do more stuff that matters and less stuff that doesn’t.

    This really struck a chord with me. As a society, I believe we stretch ourselves too thin. We try and be all things to all people, thinking the more we do, the more we’ll get done. Not so, I’m afraid. By all means go out and do stuff, but focus on what matters. Spend your limited time on Earth doing stuff that fulfills you.

    I’m only 22, but I have a soon-to-be- 2 year old nephew whom I’ll be seeing in a few days, and I’m preparing myself for the inevitable shock at how much he’s grown already. You’re right, things change when you find your hourglass.

    Time moves swiftly, it’s up to you to decide what to do when faced with that.

    Good post as always Alan!

    Jordan

  11. Jordan permalink
    June 1, 2010

    Note to self: html doesn’t work in comments like it does in forums, lol.

  12. Andre Gregoire permalink
    June 1, 2010

    Alan great blog. As the father of a 2.5yr old boy I know exactly what you are talking about.

  13. snorkelman permalink
    June 1, 2010

    As the father of twin 5.5 year-old girls I recently attended their pre-k graduation. While I personally think Hallmark and others with too much time have created an excuse for making everything into a party (or at least a card-worthy) event, I arranged my workload so I could be at the pre-k graduation. The event was a big deal to my kids, and THAT is the reason it was important for me to be there for them. Also, like your oldest child, Alan, now they are old enough to be able to remember things for life. You want to minimize the memories of you not being there and maximize their memories where they remember you being present and actively involved at milestones. It is funny about milestones because some are easy to point out (graduations) but others become monumental to the child (getting lost in a crowd for 30 seconds) but there is no way to predict when they will happen. Good luck on your journey.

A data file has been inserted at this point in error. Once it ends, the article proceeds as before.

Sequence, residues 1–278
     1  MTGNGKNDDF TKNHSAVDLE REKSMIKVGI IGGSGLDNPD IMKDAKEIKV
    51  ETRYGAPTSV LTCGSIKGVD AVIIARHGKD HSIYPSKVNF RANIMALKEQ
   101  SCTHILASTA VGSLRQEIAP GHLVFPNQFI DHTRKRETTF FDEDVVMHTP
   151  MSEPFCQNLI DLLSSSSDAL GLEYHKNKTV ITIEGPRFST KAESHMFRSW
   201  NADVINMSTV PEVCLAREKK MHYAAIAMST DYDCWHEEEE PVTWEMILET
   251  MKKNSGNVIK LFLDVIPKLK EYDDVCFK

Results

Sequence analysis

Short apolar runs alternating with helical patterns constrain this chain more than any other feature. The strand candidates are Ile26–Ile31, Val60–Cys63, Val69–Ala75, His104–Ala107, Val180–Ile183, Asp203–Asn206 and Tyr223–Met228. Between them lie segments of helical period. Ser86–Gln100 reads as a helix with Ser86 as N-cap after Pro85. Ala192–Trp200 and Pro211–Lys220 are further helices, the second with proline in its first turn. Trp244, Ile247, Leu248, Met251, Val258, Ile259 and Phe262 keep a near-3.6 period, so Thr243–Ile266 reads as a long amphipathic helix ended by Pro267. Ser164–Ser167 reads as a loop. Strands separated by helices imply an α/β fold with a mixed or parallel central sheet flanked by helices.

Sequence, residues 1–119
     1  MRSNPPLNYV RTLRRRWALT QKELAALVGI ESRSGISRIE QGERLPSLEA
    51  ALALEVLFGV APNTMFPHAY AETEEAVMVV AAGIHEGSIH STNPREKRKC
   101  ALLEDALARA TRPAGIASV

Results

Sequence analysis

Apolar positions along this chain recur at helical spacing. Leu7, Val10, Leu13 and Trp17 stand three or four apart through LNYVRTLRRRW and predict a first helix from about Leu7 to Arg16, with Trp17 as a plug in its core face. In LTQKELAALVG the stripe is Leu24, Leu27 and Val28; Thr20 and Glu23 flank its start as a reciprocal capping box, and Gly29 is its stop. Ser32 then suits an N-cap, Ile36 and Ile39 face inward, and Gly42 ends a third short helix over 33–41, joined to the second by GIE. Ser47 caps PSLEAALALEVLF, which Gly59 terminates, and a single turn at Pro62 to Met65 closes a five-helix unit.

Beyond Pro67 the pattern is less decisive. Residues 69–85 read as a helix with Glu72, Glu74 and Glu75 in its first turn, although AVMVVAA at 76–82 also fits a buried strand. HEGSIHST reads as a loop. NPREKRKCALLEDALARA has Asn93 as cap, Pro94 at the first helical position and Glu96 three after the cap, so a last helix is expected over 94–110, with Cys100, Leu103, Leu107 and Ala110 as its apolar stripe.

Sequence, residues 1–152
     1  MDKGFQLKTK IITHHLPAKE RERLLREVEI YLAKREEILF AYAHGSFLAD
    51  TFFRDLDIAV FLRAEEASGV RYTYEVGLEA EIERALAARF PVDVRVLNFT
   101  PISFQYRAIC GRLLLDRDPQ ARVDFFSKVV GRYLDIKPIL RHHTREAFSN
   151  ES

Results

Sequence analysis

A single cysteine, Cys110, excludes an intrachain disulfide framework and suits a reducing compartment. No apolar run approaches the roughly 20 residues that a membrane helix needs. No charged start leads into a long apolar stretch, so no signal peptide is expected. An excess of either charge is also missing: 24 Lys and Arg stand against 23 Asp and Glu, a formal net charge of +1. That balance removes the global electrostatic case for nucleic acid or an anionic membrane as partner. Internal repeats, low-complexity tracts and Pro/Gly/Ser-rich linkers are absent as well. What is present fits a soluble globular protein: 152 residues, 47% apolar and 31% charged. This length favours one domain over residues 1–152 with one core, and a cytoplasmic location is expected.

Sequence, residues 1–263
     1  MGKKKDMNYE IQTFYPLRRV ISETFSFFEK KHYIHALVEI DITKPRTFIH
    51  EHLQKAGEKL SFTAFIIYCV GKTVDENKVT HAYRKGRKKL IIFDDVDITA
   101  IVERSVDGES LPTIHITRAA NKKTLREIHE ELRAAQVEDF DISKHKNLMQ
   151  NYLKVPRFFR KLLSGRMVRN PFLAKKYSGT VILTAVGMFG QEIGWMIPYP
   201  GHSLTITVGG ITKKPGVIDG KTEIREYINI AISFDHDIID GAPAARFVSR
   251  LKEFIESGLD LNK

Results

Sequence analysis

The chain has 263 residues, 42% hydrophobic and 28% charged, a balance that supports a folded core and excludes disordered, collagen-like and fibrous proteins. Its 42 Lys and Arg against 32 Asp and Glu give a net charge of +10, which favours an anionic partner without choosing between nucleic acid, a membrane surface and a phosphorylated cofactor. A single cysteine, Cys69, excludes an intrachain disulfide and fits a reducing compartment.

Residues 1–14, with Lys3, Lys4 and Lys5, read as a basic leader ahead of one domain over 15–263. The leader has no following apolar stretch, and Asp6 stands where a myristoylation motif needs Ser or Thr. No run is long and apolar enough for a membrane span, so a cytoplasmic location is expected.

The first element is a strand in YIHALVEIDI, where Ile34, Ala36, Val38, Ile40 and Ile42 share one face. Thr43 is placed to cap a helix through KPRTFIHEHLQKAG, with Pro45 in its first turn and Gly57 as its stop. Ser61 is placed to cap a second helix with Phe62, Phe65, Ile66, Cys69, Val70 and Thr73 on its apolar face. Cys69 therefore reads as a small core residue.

14. June 1, 2010